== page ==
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Alan B. Nichols Articles

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 "Golf’s About Walking"

I would wager there are thousands, maybe millions, of American golfers who have never REALLY experienced being on a golf course. Oh, sure, they play golf and they have walked across a green to finish three-putting or to hole out, but I am talking about something deeper, something akin to the soul of the sport, which can only be experienced on foot, when your body through your feet, feels the undulations of the fairway and you can take in through all your senses the smells, the nuances and the vistas of a course by walking the entire length of your shots. To me, golf is about the wondrous varieties of the land and man’s relationship to it, and to get the maximum out of that experience, you need to walk. Regrettably, in the U.S., golf is a good cart-ride spoiled.


I just got back from a week of golf in Scotland where electric or gas-powered golf carts are as rare as ten-gallon hats. We were quite surprised to see one electric cart, near the 1st tee at Glasgow Gailes, though no one was in it. No, over there you see golfers walking the course, keeping pace with the group in front, not dallying but moving directly to their shots, usually in a brisk manner. These folks haven’t a clue what a five-hour round is, or what “cart-paths only” means.


I went with three other Stateside golfers, two pros and one amateur, all reasonably accomplished. Being more on the administrative end of the industry, they weren’t used to playing very often and when they did, it was usually in a cart. Consequently, they found walking 18 holes a day for five straight days quite physically taxing. Another group of Americans finished playing Turnburry in the morning. They had an afternoon tee time at Western Gailes but all of them decided not to play because they were too bushed.


I heard Payne Stewart talking about how important it was to make the Ryder Cup team this year and how he spent much of last winter preparing himself, which didn’t mean hitting more golf balls but getting in top physical condition. It is an aspect of the sport lost on many American golfers.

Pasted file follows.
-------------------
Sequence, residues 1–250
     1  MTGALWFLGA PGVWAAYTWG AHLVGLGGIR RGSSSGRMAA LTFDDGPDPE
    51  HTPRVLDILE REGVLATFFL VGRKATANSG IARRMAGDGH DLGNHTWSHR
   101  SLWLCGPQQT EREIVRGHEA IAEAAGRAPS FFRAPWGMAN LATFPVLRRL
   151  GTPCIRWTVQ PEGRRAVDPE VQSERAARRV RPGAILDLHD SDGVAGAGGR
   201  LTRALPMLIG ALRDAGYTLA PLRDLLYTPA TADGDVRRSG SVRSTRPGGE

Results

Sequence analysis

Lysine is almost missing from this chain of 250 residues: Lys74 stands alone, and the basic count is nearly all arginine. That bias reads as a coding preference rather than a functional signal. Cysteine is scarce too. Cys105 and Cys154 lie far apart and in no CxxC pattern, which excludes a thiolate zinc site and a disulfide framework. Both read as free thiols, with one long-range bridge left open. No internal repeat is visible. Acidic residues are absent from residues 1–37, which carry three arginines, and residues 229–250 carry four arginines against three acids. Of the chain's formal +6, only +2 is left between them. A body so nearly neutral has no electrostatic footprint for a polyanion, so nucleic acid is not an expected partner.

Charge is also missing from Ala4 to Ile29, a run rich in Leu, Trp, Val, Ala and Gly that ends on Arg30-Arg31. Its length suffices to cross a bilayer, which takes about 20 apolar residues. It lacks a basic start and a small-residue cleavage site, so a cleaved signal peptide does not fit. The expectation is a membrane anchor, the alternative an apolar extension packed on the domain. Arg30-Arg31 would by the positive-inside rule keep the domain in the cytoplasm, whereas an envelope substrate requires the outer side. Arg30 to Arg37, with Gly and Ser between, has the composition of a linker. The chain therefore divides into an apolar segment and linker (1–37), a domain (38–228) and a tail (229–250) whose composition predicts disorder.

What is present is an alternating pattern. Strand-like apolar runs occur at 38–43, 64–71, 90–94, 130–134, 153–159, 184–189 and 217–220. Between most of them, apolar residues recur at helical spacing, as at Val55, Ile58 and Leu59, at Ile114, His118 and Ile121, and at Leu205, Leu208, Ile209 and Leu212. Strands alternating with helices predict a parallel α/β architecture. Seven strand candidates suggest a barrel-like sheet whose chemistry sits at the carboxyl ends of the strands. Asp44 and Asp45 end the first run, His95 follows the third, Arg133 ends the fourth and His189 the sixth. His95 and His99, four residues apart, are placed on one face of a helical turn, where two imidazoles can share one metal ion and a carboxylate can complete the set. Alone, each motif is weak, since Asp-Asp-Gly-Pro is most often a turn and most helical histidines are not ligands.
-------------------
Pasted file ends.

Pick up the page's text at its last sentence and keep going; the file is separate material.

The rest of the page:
I realize many of us in the States have no choice. We must have a cart to play most courses, but that doesn’t mean you can’t walk as much as possible, straight to your ball. Have your partner drive, or if he wants to walk too, alternate driving. Yes, golf is big business and a big piece of that business at most courses is the revenue from carts. The courses have made a huge investment in carts and are not about to let their customers walk, not without a cart fee. Sure the long distances between greens and tees on some layouts make walking prohibitive, and that’s unfortunate. For something special is lost when golf is played on wheels.

In geologic time, man appeared on the scene very late. And in the history of golf so did carts, which came in en masse only a few short years ago, centuries after golf was born. So next time, you play golf, try walking. You’ll like it.



 "Addicted to Love...of Golf"       

I keep a club right next to my bed in case I get a new swing thought in the middle of the night. More than once I’ve gotten up at 3 a.m. to grip and waggle the club or to try out a new posture or take-away. My condo looks like a driving range after the customers have gone home. Golf balls everywhere, under the plants, under the bed and sofa, on my kitchen tile, and especially in the hallway. That’s where I’ve done my best putting, but for the life of me, in seven years here I’ve yet to read my carpet correctly. I always think, as I putt west to east, that it’s a left hand break. I’ve got golf balls all over the place in my backyard which I share with my condo neighbors. I practice there and I can prove it. The siding on the back of my condo has multiple dents where I have flat out shanked shots aimed down the narrow corridor between the units and the woods of the park behind our association. I have yet to hit any cars or pedestrians but I’m rolling the dice with every massive skull. Man, as an addict, I need protection against myself. I can’t stop.